There are a great many pranayama practices, each one more sophisticated than the previous, designed to take our minds and our energy to an ever increasing state of refinement. "What we want to do is to feel the finer motions that are going on in the body. Our minds have become externalized and have lost sight of the fine motions inside. If we can begin to feel them we can also begin to control them". That is how Swami Vivekananda exlains what we are trying to do with pranayama in Raja Yoga. It is how he summarized the more complex explanation he gives on psychic prana, explaining the ida and pingala currents which carry prana from the base of our spines up to the brain. "according to the Yogis, there are two nerve currents in the spinal column called the Pingala and the Ida, and a hollow canal called the Sushumna, running through the spinal cord. At the lower end of the spinal cord is what the Yogis called the lotus of the Kudalini. When the Kundalini awakes, it tries to force a passage through this hollow canal;and as it tries step by step, layer after layer of the mind opens up and many different visions and wonderful powers come to the Yogi." (Vivekananda, p.50).
This gets to be exciting stuff. What does Feuerstein, the great scholar of yoga, have to say? "In Yoga practice, breath control equals mental control. This formula is as fundamental as Einstein's E=mc² and as far reaching in its practical implications. It is through the proper regulation of the life force that the yogin can not only influence the nervous system and bodily functioning in general but also gain access to the subtle dimensions of existence by transcending the brain-dependent activities of the mind" (Georg Feuerstein, Shambhala Guide to Yoga, pp. 69-71).
Now, I don't know about you, but this just makes me want to sit right down and breathe! Don't worry about reaching enlightenment, just focus on your breath. Lengthen it. Deepen it. Listen to the sound it makes. Try to make your inhalations and your exhalation equal in length. That's all. Try that for five minutes a day and you will be off to a great start. Your chattery mind will settle right down. Any anxiety will be eased. Your blood pressure may drop. You will be experiencing the subtle control over your body's life force that you are capable of when you stop letting your mind be scattered by all the outside influences.

Tuesday, December 1, 2009


Posture. In the Yoga Sutra, the only reference to asana is this: "Posture should be steady and comfortable. It should be accompanied by the loosening of tension (prayatna) and by coinciding with the infinite space of consciousness" II:45-46 (translation by Georg Feuerstein in Yoga). So how did this elaborate tradition of hundreds of asanas come about?! Patanjali is clearly referring to a posture in which you sit to meditate. So where did Downward Dog and Triangle Pose come from? Asana, or the practice of posture, comes from Hatha Yoga, the school of yoga that prepares the body and mind for the eventual practice of Raja Yoga, the journey to Samadhi (enlightenment). Remember that to reach enlightenment, we must be of sound body and mind. Asana begins the work of cleansing the body and healing the body, while also training the mind to stay focused. My teacher, Beryl Bender Birch, has one of the best ways of explaining yogic concepts in plain English, and really says it best in her latest book, Boomer Yoga,"this particular system of asana practice is what in yoga is called a form of tapas, or detoxification. The word tapas literally means 'to burn'. The idea is that you use the work to start an internal fire, which then in turn burns impurities and clears toxins from the body, through squeezing, sweating, and breathing" (P. 31). That is what the practice of asana is really all about. While Patanjali is essentially saying, "make it steady and comfortable", that is a lot easier said than done! Try sitting cross-legged on the floor for half an hour in meditation. If you have poor postural muscles and weak blood flow, this will be nearly impossible, and quite possibly a form of torture that really should be banned internationally. You must be conditioned, that is, cleansed and healed both inside and out, and of strong mind and body, to sit for lengthy periods in meditation. It is when we sit and relax, turning inward, that we are able to have the insights that advance us on our spiritual paths, and eventually lead to a state of bliss.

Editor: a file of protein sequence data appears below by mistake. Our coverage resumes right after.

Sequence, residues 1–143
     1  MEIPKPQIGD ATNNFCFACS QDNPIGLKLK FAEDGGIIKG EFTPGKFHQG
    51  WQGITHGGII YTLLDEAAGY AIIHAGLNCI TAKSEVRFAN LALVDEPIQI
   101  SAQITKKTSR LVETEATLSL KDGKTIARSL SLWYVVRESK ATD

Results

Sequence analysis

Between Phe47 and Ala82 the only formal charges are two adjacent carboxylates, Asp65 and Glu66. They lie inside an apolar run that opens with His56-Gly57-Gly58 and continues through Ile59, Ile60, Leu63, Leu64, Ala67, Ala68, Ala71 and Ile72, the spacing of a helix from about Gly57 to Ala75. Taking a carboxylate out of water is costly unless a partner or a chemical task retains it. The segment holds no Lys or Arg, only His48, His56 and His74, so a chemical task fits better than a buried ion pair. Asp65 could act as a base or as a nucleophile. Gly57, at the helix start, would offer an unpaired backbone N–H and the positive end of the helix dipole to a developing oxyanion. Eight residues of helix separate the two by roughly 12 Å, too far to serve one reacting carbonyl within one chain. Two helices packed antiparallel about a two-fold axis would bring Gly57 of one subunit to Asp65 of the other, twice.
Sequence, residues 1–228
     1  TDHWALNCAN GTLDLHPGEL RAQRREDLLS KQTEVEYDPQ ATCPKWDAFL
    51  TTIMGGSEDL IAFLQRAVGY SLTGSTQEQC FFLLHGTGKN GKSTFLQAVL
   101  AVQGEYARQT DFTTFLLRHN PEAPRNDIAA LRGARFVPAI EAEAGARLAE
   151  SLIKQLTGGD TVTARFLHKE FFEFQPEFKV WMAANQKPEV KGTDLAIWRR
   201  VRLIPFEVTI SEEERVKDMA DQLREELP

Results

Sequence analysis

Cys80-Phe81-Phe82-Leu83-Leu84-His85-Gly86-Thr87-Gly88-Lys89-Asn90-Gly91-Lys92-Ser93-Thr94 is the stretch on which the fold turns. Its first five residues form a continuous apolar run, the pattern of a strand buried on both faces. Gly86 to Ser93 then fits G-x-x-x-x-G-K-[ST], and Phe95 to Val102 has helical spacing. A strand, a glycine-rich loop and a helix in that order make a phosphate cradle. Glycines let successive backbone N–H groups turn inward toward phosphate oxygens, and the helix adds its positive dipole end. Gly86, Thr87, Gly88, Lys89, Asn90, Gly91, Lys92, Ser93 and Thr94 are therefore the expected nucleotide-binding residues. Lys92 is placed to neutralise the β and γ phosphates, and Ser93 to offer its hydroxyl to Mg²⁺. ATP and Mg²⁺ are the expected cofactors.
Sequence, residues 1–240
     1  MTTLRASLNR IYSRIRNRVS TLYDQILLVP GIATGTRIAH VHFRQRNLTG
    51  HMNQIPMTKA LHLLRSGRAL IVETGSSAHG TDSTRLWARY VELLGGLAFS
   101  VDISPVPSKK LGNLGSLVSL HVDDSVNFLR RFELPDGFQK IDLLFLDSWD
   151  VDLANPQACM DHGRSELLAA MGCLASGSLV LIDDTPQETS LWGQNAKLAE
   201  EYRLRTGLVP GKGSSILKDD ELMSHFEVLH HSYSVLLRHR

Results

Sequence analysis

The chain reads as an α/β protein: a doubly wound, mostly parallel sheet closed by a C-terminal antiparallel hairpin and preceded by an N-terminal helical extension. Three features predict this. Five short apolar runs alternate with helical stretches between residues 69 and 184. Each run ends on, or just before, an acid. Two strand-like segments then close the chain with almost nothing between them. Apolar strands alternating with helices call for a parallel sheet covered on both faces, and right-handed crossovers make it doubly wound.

Asana is the form of yoga that most Americans are familiar with. It is usually the jumping-off point for us all on our yogic quests. Why is this? My experience of teaching asana for the past eleven years is that the practice itself gets people to do three things: pay attention to their breath, pay attention to their bodies, and quiet down all the chatter in their minds. I don't know of any other form of exercise that does this so effectively. This is what I call "turning inward 101". It is what Beryl call "kindergarten". By that we mean, you are beginning to turn inward, slow your mind's chatter and get connected with you body, without necessarily knowing it at first! Most people love the way they feel after yoga class: relaxed, de-stressed, calm. Only from that point can we begin to expand our awareness, in whatever direction we choose. Whether people like it or not, yoga class, or asana, turns them inward and calms them, at the same time that it works out the kinks, stimulates the kidneys and cleanses the liver!